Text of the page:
Fong grills DOF on shady $1B deal

Fong grills DOF on shady $1B dealBy REBECCA NEIPP

News Review Staff Writer

The $1 billion in special projects linked with passage of the controversial gas-tax increase approved this month by both houses in the California legislature came into question during an Assembly hearing for SB 132, the proposed budget act of 2018.

The largest gas tax increase in history, which will cost taxpayers a minimum of $52 billion, passed with bare minimum support. Members who had initially opposed the package were allegedly wooed by Gov. Jerry Brown with promises to fund projects in their districts in exchange for their support.

The sole Republican supporter, state Sen. Anthony Canella, admitted that his district would benefit from a $400-million investment that would extend a commuter rail line through his district.

However, Assemblyman Vince Fong confronted Mark Monroe of the Department of Finance on the ethics of the deal. Fong cited California Highway Code, section 167, which states that the budget shall not include appropriations for specific transportation improvement projects, and the legislature shall not enact legislation that caters to individual projects.

“This apparent prohibition is intended to ensure that projects are funded based on statewide needs, rather than on any political dynamics,” said Fong, who opposed the gas tax in favor for a plan that compelled the state to use existing funds dedicated to transportation for repairs and improvements.

“How is this bill consistent with state law, which prohibits earmarks such as these?”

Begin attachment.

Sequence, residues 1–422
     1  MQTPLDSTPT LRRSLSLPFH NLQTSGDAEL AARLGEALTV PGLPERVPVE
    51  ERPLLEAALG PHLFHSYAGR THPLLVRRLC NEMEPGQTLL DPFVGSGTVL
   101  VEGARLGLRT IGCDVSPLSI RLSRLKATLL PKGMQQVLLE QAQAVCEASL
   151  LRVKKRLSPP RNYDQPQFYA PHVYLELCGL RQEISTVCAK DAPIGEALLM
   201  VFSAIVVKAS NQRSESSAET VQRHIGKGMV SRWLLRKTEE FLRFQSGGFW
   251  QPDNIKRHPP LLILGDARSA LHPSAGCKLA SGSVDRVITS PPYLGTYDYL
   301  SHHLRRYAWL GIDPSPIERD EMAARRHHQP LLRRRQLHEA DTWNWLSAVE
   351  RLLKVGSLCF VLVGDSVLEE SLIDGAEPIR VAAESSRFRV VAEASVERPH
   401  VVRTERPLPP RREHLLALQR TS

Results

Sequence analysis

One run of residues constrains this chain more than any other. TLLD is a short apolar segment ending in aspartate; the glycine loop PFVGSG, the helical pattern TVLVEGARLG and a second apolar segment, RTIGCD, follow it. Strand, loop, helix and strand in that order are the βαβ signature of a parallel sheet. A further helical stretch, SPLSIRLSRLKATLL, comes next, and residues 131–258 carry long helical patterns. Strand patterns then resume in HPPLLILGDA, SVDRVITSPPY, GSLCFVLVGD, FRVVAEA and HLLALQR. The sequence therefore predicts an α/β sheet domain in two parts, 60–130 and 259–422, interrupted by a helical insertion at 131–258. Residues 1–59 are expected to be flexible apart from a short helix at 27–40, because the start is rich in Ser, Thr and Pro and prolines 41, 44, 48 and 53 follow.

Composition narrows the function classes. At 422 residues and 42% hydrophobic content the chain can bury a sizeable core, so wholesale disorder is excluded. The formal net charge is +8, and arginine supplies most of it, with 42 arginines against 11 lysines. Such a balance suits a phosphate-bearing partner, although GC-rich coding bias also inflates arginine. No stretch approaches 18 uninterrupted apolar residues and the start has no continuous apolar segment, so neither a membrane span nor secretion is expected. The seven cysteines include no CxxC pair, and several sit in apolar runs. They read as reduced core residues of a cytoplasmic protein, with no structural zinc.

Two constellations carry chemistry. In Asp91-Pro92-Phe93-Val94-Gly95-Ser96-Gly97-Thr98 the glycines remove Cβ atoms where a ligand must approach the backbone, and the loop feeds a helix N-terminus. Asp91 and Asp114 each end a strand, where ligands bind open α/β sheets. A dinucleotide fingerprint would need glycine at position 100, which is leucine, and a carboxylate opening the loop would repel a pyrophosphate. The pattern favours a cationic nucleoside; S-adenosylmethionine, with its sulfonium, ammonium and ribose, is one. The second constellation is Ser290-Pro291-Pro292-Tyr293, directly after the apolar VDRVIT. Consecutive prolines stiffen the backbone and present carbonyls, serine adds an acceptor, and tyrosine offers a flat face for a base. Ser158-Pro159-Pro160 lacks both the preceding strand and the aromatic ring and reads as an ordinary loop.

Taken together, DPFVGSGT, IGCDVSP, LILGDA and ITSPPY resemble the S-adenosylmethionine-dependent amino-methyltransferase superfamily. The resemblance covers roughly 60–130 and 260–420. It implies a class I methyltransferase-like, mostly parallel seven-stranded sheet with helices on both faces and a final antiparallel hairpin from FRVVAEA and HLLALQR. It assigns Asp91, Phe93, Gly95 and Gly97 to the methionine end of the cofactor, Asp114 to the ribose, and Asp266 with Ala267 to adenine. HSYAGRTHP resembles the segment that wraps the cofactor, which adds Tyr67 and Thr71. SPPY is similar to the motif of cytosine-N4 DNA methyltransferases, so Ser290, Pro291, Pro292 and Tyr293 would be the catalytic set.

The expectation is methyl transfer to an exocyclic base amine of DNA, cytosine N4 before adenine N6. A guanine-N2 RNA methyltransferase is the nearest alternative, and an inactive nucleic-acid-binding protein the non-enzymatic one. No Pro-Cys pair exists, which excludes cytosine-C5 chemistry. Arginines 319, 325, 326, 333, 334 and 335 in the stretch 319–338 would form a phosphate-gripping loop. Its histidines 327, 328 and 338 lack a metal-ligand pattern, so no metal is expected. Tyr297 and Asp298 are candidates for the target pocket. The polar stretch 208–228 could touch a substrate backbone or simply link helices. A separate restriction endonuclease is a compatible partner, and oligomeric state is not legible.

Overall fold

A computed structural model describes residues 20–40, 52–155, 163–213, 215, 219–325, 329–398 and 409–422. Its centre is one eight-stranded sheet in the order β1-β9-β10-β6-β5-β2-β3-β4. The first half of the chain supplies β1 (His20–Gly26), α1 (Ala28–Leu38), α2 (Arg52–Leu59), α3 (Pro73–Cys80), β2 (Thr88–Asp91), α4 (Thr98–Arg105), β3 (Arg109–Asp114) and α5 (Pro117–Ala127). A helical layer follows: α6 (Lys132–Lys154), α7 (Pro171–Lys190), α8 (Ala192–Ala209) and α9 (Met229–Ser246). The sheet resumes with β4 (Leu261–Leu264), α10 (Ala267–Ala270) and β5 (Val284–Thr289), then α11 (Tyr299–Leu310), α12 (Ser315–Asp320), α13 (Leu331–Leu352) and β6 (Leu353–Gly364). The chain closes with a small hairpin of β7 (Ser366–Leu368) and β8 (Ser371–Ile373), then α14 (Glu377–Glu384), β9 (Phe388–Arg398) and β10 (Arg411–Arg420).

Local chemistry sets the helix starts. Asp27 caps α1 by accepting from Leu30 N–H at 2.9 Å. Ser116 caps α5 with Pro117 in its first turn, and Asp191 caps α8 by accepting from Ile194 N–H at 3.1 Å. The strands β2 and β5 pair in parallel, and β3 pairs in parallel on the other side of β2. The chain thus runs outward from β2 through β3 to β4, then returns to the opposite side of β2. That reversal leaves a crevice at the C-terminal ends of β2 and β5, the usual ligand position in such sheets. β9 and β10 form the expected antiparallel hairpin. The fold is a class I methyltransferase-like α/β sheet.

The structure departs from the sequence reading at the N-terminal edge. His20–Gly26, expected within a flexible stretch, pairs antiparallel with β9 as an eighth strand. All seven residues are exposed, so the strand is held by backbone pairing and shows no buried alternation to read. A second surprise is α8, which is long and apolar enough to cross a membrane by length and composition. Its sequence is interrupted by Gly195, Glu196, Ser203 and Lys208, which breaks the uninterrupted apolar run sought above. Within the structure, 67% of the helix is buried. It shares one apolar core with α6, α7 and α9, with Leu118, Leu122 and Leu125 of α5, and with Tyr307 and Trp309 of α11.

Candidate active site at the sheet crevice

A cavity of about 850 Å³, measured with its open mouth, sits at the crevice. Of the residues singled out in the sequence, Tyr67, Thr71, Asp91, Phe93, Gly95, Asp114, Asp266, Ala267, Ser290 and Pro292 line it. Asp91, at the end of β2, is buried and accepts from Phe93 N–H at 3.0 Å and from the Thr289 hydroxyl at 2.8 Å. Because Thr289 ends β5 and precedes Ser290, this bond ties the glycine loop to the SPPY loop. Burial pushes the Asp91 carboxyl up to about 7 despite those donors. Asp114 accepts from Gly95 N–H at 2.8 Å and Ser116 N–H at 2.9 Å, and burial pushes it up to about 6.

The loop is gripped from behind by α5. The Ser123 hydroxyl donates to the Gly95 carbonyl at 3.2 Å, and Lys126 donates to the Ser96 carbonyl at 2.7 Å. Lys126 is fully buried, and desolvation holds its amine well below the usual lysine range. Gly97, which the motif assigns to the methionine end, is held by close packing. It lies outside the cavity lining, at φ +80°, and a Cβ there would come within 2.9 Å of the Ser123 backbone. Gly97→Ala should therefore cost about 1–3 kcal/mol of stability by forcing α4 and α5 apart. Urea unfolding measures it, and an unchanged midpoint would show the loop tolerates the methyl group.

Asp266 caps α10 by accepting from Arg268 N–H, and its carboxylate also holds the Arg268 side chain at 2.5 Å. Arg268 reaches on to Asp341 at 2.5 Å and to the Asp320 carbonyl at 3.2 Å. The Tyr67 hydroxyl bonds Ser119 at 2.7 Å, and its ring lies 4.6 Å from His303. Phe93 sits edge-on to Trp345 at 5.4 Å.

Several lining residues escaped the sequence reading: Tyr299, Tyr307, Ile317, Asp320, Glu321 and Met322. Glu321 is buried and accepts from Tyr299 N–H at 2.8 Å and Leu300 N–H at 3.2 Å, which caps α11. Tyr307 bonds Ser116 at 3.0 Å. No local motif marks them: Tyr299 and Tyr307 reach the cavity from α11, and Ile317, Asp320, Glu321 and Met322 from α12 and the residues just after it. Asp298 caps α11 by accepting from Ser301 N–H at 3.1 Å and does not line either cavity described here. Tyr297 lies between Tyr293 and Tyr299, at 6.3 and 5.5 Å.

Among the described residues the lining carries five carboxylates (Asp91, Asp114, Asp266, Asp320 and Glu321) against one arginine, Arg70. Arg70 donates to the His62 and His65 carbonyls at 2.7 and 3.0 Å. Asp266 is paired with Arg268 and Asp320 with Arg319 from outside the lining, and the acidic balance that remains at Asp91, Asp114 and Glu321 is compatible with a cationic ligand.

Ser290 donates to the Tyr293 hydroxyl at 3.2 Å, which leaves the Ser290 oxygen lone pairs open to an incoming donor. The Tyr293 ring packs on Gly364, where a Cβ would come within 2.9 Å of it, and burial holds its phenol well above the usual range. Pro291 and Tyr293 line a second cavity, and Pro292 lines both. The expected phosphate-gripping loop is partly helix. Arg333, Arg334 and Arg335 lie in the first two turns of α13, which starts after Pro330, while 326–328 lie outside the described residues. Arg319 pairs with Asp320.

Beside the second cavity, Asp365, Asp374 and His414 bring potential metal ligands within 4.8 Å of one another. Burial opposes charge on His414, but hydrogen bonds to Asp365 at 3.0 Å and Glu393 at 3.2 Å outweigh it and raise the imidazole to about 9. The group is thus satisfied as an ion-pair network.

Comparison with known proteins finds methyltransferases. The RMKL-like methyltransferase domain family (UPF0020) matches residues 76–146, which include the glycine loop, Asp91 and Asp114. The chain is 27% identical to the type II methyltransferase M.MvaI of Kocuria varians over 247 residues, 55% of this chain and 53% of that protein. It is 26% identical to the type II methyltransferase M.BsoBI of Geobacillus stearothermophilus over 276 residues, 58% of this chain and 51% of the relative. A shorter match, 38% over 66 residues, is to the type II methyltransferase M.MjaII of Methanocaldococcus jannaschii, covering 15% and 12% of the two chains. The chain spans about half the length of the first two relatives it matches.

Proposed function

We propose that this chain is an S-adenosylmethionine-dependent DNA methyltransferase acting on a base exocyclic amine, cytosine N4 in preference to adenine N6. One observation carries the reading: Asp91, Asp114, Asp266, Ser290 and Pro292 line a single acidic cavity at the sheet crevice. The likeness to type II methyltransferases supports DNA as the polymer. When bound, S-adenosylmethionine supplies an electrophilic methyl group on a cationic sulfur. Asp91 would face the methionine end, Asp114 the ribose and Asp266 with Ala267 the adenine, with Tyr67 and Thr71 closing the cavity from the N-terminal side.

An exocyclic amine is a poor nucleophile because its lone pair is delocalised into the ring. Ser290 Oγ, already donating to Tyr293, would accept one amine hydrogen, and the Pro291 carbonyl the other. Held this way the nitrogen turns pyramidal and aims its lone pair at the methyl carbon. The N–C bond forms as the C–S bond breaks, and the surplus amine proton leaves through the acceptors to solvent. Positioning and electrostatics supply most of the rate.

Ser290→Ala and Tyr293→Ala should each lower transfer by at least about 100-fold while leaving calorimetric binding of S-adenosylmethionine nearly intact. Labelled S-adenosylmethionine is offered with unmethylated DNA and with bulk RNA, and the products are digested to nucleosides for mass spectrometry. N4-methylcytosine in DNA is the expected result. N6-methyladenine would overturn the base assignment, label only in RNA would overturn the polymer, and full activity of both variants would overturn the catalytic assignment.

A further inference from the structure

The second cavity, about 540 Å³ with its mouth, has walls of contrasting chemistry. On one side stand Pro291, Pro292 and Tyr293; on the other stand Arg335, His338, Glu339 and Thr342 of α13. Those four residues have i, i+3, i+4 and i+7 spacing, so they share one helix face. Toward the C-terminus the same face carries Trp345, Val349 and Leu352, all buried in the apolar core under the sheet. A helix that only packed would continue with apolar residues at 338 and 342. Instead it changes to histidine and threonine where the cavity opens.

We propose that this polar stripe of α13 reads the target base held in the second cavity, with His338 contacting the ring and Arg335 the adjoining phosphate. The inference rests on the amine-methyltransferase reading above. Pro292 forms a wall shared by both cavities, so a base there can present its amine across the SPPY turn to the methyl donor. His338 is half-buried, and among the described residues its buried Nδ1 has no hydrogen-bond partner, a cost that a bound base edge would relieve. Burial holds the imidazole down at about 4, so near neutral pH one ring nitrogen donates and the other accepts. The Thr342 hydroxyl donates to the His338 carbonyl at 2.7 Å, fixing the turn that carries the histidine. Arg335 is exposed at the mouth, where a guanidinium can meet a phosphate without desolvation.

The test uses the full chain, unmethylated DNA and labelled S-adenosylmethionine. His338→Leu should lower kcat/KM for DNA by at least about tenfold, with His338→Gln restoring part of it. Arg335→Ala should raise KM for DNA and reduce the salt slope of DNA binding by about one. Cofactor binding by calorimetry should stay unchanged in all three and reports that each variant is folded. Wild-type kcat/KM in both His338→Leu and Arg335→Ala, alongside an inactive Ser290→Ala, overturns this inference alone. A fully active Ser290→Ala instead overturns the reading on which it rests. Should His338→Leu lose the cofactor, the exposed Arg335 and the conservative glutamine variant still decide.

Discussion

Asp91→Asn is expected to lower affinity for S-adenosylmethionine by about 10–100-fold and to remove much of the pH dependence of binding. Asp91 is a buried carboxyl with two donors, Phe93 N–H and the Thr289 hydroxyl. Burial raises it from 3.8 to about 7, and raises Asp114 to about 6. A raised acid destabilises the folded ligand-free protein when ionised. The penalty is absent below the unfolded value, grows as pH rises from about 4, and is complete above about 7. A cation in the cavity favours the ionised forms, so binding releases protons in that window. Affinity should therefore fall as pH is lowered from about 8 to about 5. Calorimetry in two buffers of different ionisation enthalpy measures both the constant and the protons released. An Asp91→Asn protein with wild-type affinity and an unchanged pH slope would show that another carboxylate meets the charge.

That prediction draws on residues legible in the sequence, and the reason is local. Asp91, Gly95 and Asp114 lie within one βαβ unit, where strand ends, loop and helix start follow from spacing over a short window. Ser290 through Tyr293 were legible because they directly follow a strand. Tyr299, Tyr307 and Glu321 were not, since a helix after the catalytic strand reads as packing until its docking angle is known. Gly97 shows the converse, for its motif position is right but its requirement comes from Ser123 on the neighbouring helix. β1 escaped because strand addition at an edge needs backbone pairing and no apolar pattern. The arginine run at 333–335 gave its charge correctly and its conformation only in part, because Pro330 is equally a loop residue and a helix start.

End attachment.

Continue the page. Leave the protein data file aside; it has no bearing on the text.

Monroe conceded that Fong was correct about the law, but noted that the plan is “part of a broader package … so there are various ways that we fund these.”

Fong pressed for a confirmation of the state prohibition on earmarks for specific projects.

“Well, the section of the code you’re referencing does exist,” said Monroe. “But historically, the mechanism for funding projects like this has been done a number of ways.”

Fong pointed out that the California Transportation Commission is tasked with allocating projects based on needs and asked for justification for bypassing the CTC for these project approvals.

“This is just part of a broader negotiated budget deal,” said Monroe.

“So if we are not relying on the expertise of the CTC, are you saying these projects were chosen because of [the gas tax]?” asked Fong.

“These projects are good transportation projects,” responded Monroe.

Fong pointed out that with a $750-million backlog of projects approved in the CTC, the governor has little justification for fast-tracking $1 billion in special projects.

“We are appropriating them here, apparently, and bypassing the CTC,” said Fong. “Who determined that these were worthy projects if it wasn’t the CTC?”

After a long pause and an unrelated response from another member of the discussion, Monroe finally admitted that the projects bypassed the CTC.

The bill passed out of the committee and now awaits a vote from the Assembly.

Fong continues to oppose the measure, calling for transparency and accountability in order to restore the public’s trust in government.

For a link to the budget committee exchange, see For a link to the floor discussion, see

Pictured: Assemblyman Vince Fong during a committee hearing on the proposed state budget. -- Courtesy photo

Story First Published: 2017-04-28